It's fair to say that Locked Down was uneven. But there was something else I found off-putting about watching it, and I think it had more to do with myself than the movie. The protagonists are living through the early days of quarantine, back when we were all still getting used to wearing masks. But almost a year in, that initial flurry of figuring out life during COVID-19 has long since passed, and most of us have found some level of adaptation. To watch these characters navigate novel conditions that now feel almost second-nature is to be reminded how far we are from our March 2020 selves—literally and psychically—and how still-uncertain we are about when the pandemic will end. Watching Locked Down, I felt like a veteran employee at a shitty job, rolling my eyes at the new hire who still has the energy to approach it like one big joke.

The film did manage to successfully incorporate one quarantine trope, however, and effectively turn it on its head. There’s a scene when Linda (Hathaway) is mid-emotional breakdown and suddenly hears a ruckus outside. Her neighbors are taking part in the ritual nightly cheering for healthcare workers, and Linda seizes the opportunity for release.

She joins them, banging pots and pans wildly. She’s showing her gratitude, sure—but she’s also using the display as a cover for her own tantrum, a permission slip to temporarily drop the social conventions that stubbornly persist through the pandemic. Everything’s gone to shit, but at least she can rage undetected.

You can stream Locked Down on HBO Max. Subscription required.

Home Cooking (Podcast)

The pandemic fucked up the supply chain, and there was a month or two there when trying to acquire white flour, kale, flour tortillas, tofu, white rice and other staples was a roll of the dice. This was an especially cruel time for this to happen, because a lot of people suddenly found themselves with less money for takeout, and more time on their hands to cook from scratch.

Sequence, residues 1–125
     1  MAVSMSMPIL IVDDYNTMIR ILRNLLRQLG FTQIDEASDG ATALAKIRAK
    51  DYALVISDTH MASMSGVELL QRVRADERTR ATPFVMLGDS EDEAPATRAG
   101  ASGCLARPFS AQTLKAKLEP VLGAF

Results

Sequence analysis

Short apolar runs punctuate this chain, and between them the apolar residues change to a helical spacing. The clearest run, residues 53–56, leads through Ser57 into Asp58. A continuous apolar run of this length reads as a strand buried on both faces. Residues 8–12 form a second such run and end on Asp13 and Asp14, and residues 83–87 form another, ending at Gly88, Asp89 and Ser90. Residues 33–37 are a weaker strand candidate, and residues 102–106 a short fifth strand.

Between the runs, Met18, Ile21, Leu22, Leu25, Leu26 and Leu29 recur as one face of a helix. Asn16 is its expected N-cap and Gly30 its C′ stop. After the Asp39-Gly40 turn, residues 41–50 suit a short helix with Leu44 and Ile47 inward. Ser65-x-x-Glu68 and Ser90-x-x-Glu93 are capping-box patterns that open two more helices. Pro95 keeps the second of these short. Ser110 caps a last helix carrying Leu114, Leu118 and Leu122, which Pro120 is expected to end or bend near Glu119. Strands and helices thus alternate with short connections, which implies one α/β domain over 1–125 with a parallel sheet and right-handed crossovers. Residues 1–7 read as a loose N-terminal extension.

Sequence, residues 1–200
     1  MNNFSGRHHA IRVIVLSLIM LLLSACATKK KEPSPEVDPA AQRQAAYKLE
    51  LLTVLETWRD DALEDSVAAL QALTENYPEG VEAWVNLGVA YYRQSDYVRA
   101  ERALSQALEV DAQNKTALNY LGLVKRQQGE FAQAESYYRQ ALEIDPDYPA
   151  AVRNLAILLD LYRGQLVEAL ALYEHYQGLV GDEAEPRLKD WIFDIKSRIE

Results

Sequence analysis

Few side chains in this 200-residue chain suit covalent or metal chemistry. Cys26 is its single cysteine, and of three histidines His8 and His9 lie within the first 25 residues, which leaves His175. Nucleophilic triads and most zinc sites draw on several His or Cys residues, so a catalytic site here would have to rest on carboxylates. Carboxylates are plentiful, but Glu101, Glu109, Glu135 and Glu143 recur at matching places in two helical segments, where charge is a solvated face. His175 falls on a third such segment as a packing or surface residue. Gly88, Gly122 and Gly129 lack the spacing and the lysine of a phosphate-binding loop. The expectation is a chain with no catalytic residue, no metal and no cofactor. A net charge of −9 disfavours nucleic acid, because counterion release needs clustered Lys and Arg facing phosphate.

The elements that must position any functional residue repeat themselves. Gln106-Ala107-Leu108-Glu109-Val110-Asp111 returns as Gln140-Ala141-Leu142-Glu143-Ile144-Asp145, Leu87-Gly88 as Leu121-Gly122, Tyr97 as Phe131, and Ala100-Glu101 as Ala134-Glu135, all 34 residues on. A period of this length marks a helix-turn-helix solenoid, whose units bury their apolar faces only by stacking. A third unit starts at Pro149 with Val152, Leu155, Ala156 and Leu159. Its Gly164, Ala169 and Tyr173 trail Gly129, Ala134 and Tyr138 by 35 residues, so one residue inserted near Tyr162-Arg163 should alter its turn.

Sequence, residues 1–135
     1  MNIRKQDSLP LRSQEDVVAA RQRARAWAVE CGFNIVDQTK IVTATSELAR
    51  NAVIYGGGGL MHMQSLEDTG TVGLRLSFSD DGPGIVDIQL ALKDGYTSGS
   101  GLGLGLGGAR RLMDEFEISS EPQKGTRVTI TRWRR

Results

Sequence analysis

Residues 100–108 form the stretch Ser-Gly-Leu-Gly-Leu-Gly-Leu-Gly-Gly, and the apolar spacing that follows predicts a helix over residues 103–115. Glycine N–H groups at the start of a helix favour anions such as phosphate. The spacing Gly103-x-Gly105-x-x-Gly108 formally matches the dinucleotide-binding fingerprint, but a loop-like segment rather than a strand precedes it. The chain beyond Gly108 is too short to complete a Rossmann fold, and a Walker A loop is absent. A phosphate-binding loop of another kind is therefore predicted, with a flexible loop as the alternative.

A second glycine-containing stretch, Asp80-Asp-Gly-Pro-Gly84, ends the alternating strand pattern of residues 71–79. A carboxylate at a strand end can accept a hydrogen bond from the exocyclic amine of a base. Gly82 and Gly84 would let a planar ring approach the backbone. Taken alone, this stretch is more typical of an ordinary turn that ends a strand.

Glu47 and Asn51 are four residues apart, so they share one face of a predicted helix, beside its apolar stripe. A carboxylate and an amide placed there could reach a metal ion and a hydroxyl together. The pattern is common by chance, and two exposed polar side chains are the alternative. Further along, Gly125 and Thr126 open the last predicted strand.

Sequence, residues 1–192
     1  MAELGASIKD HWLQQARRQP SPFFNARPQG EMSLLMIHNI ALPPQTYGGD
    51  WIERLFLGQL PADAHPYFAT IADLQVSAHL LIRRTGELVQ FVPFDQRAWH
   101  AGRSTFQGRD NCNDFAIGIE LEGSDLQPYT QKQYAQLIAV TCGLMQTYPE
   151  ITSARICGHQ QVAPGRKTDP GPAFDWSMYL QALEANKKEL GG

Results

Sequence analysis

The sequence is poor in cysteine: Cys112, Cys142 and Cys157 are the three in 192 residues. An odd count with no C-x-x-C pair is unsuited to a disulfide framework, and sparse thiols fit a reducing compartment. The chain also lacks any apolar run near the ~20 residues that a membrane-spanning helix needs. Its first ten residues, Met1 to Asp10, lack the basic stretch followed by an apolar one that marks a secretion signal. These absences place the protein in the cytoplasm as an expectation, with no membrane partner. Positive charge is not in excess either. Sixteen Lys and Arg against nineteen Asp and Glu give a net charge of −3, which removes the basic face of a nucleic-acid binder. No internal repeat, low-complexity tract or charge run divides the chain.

That was the context in which Home Cooking, a cooking advice podcast hosted by acclaimed cookbook author Samin Nosrat and expert podcaster Hrishikesh Hirway, debuted in spring of 2020. The concept is a simple one: Listeners and celebrity guests ask questions about cooking with limited resources: Can I bake this cookie recipe using whole wheat flour? What are some quick, healthy lunches I can make in between Zoom calls? What do I do with all these beans I panic-bought? Nosrat offers her expert advice, while Hirway acts as a stand-in for all us amateur cooks, asking clarifying questions and finding ways to make recipes a little easier.

Eventually, grocery store shelves went somewhat back to normal. But Home Cooking kept succeeding, because its core conceit—that you can cook delicious food without spending a ton of time or money on it, and that doing the best with what you have can be a treat in and of itself—has an evergreen appeal. If there’s one “good” thing about this pandemic, it’s that it’s forced some of us to slow down and re-evaluate how we define success. Home Cooking’s vibe is about pulling people into the fun of cooking and eating, rather than being elitist or pandering. As Nosrat advises one guest: If simply roasting a sheet-pan of vegetables is a new experience for you, then you should consider it a win, and revel in how good veggies from your own kitchen can taste.

Home Cooking released its final episode at the end of 2020, going out on a high note. But I’m still carrying the spirit of it with me each time I open my fridge to figure out what’s for dinner.

You can listen to all episodes of Home Cooking on its website, or wherever you get your podcasts.